+---------> manifest.mf
     +---------> digitallith_sdk_4.1.0/
                       +------------> digitallith_sdk.jar
                       +------------> digitallith_sdktester.jar

First we compile the sources:

mkdir classes
javac -classpath digitallith_sdk_4.1.0/digitallith_sdk.jar -d classes src/de/zonev/demo/StreakingDemo.java

To build the jar we need the manifest.mf file. Here is how it looks like, just one single line:

DigitalLithStreakingModulesV41: de.zonev.demo.StreakingDemo

If you provide more than one module in a single jar file, then just add them as comma-separated list like

DigitalLithStreakingModulesV41: de.zonev.demo.StreakingDemo, de.zonev.demo.StreakingDemo2

Now let us build the jar file:

mkdir dist
cd classes
jar cvmf ../manifest.mf ../dist/StreakingDemo.jar *

That's it! You just built your first own streaking module. Now put it into your extensions directory as set in the preferences and restart Digital Lith.

But wait, you may want to validate it first. Just to be sure that everything is OK with your module. This is also a good idea if you get a module from somewhere else or if you installed your module, but it does not show up in the streaking types of the digital lith UI.

There is a validation tool included in the sdk. It is a jar file that you just use from the command line. The parameters to provide are the jar file of your module, the class file of your module.

java -jar digitallith_sdk_4.1.0/digitallith_sdktester.jar dist/StreakingDemo.jar de.zonev.demo.StreakingDemo

In the case of the demo module that might look like the following:

ModuleTester: No errors found.

But if your number of tool tips defined for the parameters differ from the number parameters defined, then the tester will print a warning and stop validating.

Streaking Module Validation Error: Parameter names and tool tips differ in length.

OK, now you are ready to place the module in your extensions directory and restart digital lith.

Here is what it would look like:

Streaking Demo Preview

An Example Process Module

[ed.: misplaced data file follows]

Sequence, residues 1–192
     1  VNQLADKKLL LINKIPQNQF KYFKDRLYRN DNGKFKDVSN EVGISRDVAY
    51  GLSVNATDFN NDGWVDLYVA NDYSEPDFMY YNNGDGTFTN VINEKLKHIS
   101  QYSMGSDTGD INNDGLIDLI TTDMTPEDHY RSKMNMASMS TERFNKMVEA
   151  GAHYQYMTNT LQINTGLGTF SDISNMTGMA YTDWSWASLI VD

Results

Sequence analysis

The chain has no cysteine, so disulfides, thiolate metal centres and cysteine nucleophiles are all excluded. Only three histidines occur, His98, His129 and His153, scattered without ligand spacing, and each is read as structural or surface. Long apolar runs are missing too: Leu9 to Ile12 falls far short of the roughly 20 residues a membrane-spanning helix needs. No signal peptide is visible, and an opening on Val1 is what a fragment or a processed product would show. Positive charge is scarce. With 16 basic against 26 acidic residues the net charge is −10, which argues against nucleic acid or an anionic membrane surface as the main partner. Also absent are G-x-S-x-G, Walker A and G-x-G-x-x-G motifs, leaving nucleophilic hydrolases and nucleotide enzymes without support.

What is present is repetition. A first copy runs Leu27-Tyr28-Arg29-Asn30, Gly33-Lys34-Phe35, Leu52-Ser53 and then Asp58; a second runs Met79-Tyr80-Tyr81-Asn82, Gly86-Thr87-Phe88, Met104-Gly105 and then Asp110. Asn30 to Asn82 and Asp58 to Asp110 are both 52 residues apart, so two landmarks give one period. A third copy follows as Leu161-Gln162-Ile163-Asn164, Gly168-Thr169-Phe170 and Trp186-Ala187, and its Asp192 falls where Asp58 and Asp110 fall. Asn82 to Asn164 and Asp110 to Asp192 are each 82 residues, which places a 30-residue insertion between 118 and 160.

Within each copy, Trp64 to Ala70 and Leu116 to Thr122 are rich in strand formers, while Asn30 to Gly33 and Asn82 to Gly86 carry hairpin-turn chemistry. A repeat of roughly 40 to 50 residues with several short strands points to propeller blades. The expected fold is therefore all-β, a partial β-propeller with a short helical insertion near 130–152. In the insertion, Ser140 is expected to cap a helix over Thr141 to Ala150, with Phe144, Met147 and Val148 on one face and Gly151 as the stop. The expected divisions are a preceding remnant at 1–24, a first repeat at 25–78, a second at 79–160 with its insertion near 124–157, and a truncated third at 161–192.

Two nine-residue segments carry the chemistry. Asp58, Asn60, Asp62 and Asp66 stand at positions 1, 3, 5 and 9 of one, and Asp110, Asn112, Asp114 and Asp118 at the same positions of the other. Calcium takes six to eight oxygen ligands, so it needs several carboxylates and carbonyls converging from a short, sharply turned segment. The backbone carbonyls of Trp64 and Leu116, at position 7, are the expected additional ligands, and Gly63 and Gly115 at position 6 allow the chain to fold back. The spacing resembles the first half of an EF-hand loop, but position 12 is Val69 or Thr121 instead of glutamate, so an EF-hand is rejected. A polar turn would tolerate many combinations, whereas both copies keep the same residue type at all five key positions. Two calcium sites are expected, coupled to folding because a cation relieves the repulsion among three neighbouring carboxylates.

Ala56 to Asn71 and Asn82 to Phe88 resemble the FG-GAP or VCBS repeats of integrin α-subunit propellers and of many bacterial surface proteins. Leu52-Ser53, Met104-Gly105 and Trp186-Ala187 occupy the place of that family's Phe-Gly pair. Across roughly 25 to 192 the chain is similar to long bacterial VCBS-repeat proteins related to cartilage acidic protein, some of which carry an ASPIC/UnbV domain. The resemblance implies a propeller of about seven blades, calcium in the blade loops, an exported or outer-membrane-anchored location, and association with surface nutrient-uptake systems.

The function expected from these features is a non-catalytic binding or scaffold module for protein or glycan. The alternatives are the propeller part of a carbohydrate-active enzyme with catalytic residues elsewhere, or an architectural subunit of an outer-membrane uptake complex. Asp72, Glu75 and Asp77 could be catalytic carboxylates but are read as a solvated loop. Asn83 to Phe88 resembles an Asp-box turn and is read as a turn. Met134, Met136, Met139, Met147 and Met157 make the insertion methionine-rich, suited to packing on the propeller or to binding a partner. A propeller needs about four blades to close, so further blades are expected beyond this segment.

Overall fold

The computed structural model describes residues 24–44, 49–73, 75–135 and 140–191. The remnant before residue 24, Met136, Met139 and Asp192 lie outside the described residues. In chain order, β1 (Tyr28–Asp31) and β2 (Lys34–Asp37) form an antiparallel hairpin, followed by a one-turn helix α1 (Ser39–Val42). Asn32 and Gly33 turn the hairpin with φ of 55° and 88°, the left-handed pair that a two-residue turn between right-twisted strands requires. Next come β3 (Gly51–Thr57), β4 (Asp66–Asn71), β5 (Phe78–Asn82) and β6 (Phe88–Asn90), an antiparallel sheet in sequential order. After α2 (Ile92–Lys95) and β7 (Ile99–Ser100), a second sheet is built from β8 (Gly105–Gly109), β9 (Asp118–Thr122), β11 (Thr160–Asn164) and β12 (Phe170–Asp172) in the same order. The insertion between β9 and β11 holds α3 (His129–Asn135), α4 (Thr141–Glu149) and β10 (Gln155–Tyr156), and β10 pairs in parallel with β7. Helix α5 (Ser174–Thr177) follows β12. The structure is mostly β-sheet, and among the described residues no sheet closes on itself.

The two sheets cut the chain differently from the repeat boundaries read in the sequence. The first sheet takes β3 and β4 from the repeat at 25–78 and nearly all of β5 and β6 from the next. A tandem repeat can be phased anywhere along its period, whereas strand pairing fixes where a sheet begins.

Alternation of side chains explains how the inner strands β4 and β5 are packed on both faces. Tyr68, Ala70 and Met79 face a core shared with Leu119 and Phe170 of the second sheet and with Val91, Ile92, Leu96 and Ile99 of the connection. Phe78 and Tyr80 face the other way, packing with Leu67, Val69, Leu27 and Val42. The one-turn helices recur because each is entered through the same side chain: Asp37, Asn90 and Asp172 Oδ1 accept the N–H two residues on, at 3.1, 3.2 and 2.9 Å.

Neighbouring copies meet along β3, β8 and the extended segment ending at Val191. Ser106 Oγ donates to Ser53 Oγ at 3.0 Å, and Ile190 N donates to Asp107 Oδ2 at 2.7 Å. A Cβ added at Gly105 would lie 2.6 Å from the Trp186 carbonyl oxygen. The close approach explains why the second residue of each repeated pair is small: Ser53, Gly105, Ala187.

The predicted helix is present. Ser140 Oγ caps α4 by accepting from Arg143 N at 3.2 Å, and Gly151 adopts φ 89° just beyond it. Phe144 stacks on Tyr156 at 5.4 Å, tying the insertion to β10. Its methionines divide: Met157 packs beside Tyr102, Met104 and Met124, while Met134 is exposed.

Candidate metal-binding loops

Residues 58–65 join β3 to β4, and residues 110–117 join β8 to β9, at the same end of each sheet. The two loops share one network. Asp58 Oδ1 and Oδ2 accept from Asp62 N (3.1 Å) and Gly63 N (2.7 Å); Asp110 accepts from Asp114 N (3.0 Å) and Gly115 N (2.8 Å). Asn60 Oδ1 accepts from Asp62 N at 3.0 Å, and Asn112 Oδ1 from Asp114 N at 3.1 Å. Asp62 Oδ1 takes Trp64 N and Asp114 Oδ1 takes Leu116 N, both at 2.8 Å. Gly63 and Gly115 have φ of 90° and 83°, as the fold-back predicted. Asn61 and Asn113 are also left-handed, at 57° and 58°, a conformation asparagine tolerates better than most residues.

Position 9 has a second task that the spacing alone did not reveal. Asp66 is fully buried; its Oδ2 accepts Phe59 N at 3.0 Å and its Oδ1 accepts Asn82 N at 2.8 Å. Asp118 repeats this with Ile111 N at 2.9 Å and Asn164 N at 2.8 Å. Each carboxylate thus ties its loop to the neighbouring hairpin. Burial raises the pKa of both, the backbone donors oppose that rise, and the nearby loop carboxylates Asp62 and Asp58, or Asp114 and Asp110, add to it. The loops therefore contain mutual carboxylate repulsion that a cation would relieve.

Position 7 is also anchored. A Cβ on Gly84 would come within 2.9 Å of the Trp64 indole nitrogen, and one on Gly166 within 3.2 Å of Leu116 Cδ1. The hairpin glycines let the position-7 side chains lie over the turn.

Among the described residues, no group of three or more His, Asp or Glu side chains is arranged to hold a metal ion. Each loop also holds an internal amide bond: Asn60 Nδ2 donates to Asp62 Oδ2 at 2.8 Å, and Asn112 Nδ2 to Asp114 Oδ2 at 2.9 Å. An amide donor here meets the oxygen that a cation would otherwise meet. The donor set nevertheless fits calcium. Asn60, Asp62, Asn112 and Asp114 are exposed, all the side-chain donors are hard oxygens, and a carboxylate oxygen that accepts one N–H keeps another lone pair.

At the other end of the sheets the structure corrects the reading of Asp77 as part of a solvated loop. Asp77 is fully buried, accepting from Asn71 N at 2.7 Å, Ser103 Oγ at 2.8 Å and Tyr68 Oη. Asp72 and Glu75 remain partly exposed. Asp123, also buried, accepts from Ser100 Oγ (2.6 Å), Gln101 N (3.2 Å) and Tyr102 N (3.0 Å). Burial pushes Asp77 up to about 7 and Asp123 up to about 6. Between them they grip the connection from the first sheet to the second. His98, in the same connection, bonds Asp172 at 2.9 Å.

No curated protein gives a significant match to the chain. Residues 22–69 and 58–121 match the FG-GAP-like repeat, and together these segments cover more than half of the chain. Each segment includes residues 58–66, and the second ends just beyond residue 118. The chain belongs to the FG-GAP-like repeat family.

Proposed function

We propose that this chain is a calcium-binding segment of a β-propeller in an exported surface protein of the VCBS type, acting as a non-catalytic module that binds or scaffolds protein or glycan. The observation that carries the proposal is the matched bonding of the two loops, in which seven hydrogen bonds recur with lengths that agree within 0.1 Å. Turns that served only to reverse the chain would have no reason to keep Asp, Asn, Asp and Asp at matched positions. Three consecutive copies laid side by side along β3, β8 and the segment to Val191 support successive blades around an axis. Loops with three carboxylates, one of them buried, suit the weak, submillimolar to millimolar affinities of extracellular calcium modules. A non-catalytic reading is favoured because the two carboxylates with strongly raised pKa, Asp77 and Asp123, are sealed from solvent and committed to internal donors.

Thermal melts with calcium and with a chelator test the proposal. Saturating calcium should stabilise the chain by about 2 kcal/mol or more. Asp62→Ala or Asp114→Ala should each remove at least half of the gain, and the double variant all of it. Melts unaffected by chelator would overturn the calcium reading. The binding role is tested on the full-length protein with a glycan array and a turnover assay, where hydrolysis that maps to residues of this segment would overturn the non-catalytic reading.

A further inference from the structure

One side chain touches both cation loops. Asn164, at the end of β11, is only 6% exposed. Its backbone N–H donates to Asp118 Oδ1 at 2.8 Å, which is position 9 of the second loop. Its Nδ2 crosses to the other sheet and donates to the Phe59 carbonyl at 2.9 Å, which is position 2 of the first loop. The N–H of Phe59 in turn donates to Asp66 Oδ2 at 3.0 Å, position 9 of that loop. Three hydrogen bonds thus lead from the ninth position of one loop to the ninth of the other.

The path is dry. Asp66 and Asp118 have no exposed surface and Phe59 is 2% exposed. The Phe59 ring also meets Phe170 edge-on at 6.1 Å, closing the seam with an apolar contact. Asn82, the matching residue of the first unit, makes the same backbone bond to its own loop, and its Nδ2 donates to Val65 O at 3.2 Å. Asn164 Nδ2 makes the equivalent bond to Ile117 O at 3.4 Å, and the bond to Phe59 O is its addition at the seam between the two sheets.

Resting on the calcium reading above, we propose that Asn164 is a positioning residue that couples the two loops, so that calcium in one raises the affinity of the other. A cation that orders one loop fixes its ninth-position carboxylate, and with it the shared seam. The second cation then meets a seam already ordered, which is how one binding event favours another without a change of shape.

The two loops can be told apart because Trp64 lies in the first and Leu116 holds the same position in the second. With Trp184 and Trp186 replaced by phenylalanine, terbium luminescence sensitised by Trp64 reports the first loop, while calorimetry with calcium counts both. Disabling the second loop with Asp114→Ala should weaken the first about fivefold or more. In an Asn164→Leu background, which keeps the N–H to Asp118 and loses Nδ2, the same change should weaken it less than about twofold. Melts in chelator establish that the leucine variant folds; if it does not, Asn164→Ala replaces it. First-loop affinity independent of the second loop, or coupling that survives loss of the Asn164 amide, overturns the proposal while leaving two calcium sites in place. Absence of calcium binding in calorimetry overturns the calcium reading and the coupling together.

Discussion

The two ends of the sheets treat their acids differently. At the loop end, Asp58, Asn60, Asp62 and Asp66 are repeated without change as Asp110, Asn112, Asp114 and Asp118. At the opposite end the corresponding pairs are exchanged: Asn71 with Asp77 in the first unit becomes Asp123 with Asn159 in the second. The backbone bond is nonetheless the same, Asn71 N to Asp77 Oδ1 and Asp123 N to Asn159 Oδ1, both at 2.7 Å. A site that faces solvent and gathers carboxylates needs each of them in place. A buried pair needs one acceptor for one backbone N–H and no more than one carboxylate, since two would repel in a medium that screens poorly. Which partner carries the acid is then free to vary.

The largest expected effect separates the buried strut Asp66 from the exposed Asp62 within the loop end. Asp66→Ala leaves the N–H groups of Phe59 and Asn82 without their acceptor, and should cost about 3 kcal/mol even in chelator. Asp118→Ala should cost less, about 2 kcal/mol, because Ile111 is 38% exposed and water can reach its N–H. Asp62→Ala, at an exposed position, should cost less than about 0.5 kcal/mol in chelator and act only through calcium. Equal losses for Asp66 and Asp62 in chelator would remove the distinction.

Since Digital Lith Processing V4 there is the possibility to create your own digital lith process. This is as simple as providing a streaking module and only requires implementation of a simple Java interface and building a jar file. Put the jar file into the extensions directory and restart digital lith. Now you will find a selection box which lets you choose your own processing instead of the Digital Lith Standard process. There will also be different process modules available on the Digital Lith Exchange.

We now are going to implement a very simple demo process module. It will come with only a few parameters and the computation will be very simple. But it will show how you can do your own process modules.

We are going to use the ProcessModule interface and derive from the provided ProcessModuleBase class.

The Java Code

Here is the skeleton for the DemoProcess implementation:

package de.zonev.demo;

import java.util.Random;
import java.awt.Dimension;
import java.awt.Point;
import de.zonev.digitalLith.sdk.ProcessModule;
import de.zonev.digitalLith.sdk.ProcessModuleBase;
import de.zonev.digitalLith.sdk.Progress;
import de.zonev.digitalLith.sdk.LogWriter;

public class DemoProcess extends ProcessModuleBase implements ProcessModule
{
   ...
}

Now lets subsequently add all the parts needed for the process module.

First we define some constants which we are going to feed into the constructor of the base class later.

We start with the module definition which is a process id, name and description.

  public static final int PROCESS_ID = 99999;
  public static final String PROCESS_NAME = "Demo Process";
  public static final String PROCESS_DESC = "A Demo Process implementation";

Now we use some constants for the parameter positions which will make life a little bit easier.

  public static final int DILUTION = 0;
  public static final AREA = 1;
  public static final GRAIN = 2;

Then we go on with the parameter definitions. These are parameter names, the names with units (when selected to show the units in the UI), their encoding, a description and default values. We go with three parameters for the demo module, a dilution, the radius of the disc used for the local effects of the processs and the amount of grain. All three parameters are known from the standard process and have similar effect.

  public static final String [] CUSTOM_PARAM_NAMES = new String [] {
    "Dilution", "Area", "Grain"
  };
  public static final String [] CUSTOM_PARAM_NAMES_WITH_UNITS = new String [] {
    "Dilution (positive number)", "Area (0,1,...)", "Grain >=0, <= 1)"
  };
  public static final String [] CUSTOM_PARAM_ENCODING = new String [] {